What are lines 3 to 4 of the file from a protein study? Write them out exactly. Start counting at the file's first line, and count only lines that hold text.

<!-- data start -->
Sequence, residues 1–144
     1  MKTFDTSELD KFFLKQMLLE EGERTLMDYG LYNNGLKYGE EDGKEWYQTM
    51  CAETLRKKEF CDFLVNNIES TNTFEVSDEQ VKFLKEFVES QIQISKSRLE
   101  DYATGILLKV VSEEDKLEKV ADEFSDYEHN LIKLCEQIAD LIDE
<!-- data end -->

    51  CAETLRKKEF CDFLVNNIES TNTFEVSDEQ VKFLKEFVES QIQISKSRLE
   101  DYATGILLKV VSEEDKLEKV ADEFSDYEHN LIKLCEQIAD LIDE